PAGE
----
|the Bistro girls, circa 2003|
|at the Patty House, spring 2006|
My second decade is a little clearer, though the anguish of being a teenager has faded, thankfully, into something curiously odd. It's as if I'm looking at a tiny goblin through the magnifying glass of time, trying to figure out what she's always so sore about. Teenagers are unbearable, even to teenagers. And now, dear friends, the third decade of my life is also coming to a close. Next Thursday marks the end.
|me and my besties, August 2006, before|
I left for Scotland.
My 20s are easy to remember at the moment, though I really have to reach back to remember where I was and what I worried about when I was turning 20 years old. It was the end of 2003. I would have been half-way through second year of undergrad, living with my roomie, Rachel, in a small but clean basement apartment. I took a course on existential philosophy and realized the world was an empty box that I could fill up with meaning as I chose to. My 20s were wild and adventurous. I'm a seeker of experiences, and so I experienced. I partied, I learned; I moved to Europe, I came home; I did an MA, I fell in love, I moved to Europe again. Then I came home again, moved again, and finished out the decade in Toronto with my partner and my cat.
|me and Ambie, just after I moved to Montreal, 2007|
|Katie and Amy and me (and Chris)|
New Year's eve, 2007
Now, with a firm handle on how to discern not-crap people and things, I have a life full of Good Stuff: great partner, great friends, great apartment, great job, great plans for the future. That said, now is not the time to become lackadaisical. There are things to do in the coming fourth decade of my life.
I want to get a PhD - round out my academic portfolio with yet another degree, and use it to push my career forward. In academia or in governmental work, this will be useful to me. Even if it wasn't, it would still be worthwhile, because learning and undertaking an intense project like a dissertation are valuable. I'm also excited to take a break from 9-5 for a while - even with rewarding work, the routine can feel like drudgery.
|Grad Students on Strike! McGill, 2008|
I want to make a decision about getting my black belt. I suppose that I've been thinking about doing this for a while now, but in my 30's I'm challenging myself to make a decision about it. I will either decide that I really am driven to finish my training and get my belt, or I'll decide that it's actually not that important to me and I'll set the idea aside in a more serious way. I'm always dithering about getting it, and I dislike that. I will decide to be satisfied with a brown belt, or I will get the black.
I want to move somewhere new. I hope that Drew is on-board with this one, and I know that circumstance will have a lot to do with it, but I'd love for us to move to a new city. Nothing against Toronto, but I like discovering new cities, and though I've only been in Toronto for three years (and four months), I already feel the pull of a new place. Perhaps a smaller place. Maybe Halifax, or Fredericton, or Winnipeg, or Saskatoon. Maybe Thunder Bay, maybe Ottawa. Just some-place new, small, easy to exit and enter, with really serious winters and affordable rental properties that have little yards where I could plant a vegetable garden and maybe have backyard-chickens. Where Drew can be a physiotherapist and I can do academic and/or policy work. Some-place like that.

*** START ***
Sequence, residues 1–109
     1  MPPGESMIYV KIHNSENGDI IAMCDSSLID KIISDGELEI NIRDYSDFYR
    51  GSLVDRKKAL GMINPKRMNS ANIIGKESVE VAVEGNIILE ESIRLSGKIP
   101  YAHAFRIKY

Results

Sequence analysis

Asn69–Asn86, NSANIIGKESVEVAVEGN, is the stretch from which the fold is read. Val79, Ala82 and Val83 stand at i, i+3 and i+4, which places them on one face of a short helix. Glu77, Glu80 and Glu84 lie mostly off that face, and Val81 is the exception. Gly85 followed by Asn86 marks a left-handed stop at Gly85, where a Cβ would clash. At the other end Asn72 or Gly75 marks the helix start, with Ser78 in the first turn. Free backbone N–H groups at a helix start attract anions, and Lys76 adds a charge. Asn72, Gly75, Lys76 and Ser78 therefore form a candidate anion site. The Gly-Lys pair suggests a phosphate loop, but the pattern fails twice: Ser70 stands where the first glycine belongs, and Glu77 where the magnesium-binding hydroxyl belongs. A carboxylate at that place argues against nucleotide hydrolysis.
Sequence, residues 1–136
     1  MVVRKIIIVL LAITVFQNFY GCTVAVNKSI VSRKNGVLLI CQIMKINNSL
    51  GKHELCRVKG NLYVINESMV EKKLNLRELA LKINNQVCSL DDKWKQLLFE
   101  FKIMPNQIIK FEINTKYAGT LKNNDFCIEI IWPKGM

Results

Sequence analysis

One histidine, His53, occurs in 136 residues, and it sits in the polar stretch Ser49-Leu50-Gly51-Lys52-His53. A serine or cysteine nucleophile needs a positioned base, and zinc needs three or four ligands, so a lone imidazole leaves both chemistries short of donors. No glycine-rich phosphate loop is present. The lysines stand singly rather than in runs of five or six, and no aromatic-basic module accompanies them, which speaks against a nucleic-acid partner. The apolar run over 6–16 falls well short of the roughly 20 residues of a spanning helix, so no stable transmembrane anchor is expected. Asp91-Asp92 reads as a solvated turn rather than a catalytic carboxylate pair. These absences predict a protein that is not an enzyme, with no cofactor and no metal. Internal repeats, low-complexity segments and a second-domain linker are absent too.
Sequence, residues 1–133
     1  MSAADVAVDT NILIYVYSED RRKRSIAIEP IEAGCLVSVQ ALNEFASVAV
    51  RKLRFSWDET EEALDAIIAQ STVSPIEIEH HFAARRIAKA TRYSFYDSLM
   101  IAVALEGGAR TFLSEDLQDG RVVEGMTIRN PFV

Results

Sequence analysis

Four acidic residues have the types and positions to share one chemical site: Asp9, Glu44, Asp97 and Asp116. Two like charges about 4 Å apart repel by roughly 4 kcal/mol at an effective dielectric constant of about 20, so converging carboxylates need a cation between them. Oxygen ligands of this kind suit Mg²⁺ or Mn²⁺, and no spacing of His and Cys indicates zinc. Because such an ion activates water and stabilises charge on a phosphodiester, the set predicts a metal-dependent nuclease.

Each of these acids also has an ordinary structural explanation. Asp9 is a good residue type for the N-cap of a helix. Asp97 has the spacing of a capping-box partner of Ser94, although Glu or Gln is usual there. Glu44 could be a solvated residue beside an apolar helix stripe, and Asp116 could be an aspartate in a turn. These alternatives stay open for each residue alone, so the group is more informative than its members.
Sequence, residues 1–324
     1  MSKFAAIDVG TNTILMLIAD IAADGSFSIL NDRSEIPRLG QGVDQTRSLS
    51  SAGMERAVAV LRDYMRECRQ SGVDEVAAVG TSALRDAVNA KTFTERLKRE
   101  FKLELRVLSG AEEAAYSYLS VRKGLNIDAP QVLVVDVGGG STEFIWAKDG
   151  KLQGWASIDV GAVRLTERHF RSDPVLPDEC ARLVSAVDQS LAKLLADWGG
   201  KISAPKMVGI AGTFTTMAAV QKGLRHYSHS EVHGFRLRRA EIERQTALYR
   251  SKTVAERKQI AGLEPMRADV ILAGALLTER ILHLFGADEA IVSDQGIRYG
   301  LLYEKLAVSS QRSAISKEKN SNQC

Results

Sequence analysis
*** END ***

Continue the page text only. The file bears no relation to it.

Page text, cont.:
|en route to a Dream Party,|
with Lisa and Elaine, dressed
as David Bowie, 2008
|my 25th birthday (and|
perfectly decorated cake)
|walking a vineyard in|
Beaujolais with Amanda and
I want to wear Fun Things every day. It's too easy to be boring and lazy when it comes to getting dressed. I have deep respect for comfy jeans and a t-shirt, and I know many days on which this is the perfect outfit. I also know that getting dressed for work sucks, and that a professional dress code is death to creativity. I have a wardrobe full of really interesting clothes, and this decade, they're going to earn their keep. Shoes, this is your warning. Be ready.
|Drew and me at the Paulaner brewery,|
Starkbierfest, Munich, winter 2010
I want to love deeply, be grateful, and stay open-minded. Age and stress and responsibility can really take all the magic out of life, amirite? I'm staging a resistance. I've been staging it all my life, but I'm redoubling my efforts now. The main requirement for loving deeply, being grateful, and staying open is the same: letting myself and my ideas be vulnerable. I have to trust that I won't get hurt, but foster resilience in case I do. Resentment, disillusionment, cynicism, and discontentment are all sorts of markers of adulthood or maturity that we put up, as if you're not really a grown-up until you can look at the world with jaded eyes and say "plus ça change, plus c'est la même chose." I reject that. It's a crap attitude, and I'm leaving crap in my 20s. Hope, optimism, and trust are as delicate as snowflakes; all it takes to crush them is a negative thought or a careless word. I will work to cultivate positivity in myself and around me, and use it to love people, work for a better world, appreciate the universe around me, and never close myself off to wonderment and joy.
Get ready 30's, here I come.
|Me and Drew, snowshoeing in Algonquin,|